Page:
The Jamestown Massacre and the Sins of the Father *
Chief Powhatan passed away in 1618 leaving his brother to lead the tribe. The new chief has never liked the Jamestown settlers. The Virginia Company had been bleeding money for years, but with the new cash crop of tobacco they finally stand a chance of making money. The Jamestown settlers had made an earlier agreement with the Indians but there is a terrible misunderstanding. The Indians thought they had agreed to an English trading post and supporting town. The English thought they had agreed to expansion for their tobacco plantations. Now the Indians will push the English back in their place. In the early morning, Indian warriors walk casually through the plantations surrounding Jamestown. In many cases the settlers invite them in for breakfast. Unarmed, the Indians pick up whatever is handy as a weapon. The attack is swift, brutal and utterly merciless. Before the morning is over, more than 300 men, women and children lay dead, with many having no idea they were under attack before they breathed their last. The Powhatan tribe believes this attack is simple fair play. The English settlers believe otherwise, but they can do very little to return an attack. The majority of the survivors are women and children.  
The First Bottled Water: It's Holy Refreshing
A local spring in the Malvern Hills has a reputation for purity. It is rumored to cure various illnesses. It is a Holy Well and people will travel long distances to drink from its waters. It has become so popular, the owner of the land is bottling the water and selling it. Malvern Water is the first bottled water. It will eventually be bought out by Johann Jacob Schweppe, who will use the Holy Well to produce Schweppes carbonated water. In later years, Schweppes will move their bottling facilities. The Malvern Spring remains a Holy Well and it comes with a perpetual legal covenant that allows travelers to use the spring. Some people will use the spring for (unauthorized) religious rituals and vandalism will become a problem in the modern day.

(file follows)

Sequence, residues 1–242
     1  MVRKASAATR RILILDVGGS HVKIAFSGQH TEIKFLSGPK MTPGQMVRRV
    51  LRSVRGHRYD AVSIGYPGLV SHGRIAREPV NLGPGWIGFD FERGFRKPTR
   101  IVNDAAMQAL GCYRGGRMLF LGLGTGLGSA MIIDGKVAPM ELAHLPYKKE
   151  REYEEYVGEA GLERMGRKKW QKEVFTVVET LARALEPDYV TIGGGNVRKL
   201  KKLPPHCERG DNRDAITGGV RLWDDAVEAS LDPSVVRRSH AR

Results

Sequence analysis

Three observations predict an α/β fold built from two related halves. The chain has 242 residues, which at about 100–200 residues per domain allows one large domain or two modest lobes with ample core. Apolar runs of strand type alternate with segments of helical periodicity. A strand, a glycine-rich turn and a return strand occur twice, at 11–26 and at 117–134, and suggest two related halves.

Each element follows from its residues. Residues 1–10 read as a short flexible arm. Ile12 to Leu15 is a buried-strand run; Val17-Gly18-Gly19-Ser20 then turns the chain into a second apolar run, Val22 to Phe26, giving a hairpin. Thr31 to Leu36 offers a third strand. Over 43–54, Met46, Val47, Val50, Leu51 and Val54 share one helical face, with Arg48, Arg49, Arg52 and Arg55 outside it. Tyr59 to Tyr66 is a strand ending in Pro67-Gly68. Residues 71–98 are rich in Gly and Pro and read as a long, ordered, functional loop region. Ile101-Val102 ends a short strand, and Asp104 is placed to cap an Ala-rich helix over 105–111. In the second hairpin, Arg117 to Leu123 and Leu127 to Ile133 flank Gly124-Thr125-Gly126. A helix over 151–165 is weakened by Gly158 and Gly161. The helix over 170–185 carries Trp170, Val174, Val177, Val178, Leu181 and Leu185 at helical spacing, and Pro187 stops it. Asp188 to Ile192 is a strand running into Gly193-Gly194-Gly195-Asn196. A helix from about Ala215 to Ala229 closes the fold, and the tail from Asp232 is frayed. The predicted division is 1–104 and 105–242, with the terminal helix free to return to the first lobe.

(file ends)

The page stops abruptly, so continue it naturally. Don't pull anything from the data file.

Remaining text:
Notable Events This Year *
- New Year is Now January 1st - It used to be in March, right before Easter.
- The English Parliament is Disbanded - King James is unhappy with his Parliament for expecting freedom of speech for the Parliament. 
- Richelieu is made Cardinal - This is the same Cardinal who plays a prominent role in the fictional story of The Three Musketeers. 
- War, War, and More War - There are sieges, skirmishes and outright battles in the 30 Year's War and 80 Years' War... more than I'd care to mention in detail.
This Year on Wikipedia
Year 1622, Wikipedia.
- * The asterisk in the section header indicates that it was read on the podcast.
- 1493: Uncovering the New World Columbus Created (BOOK), Knopf. ISBN 9780307265722. “Early that morning Indians slipped into European settlements, knocking on doors and asking to be let in. Most were familiar visitors. They came unarmed. Many accepted a meal or a drink. Then they seized whatever implement came to hand--kitchen knife, heavy stewpot, the colonists' own guns--and killed everyone in the house. The assault was brutal, widespread, and well planned.”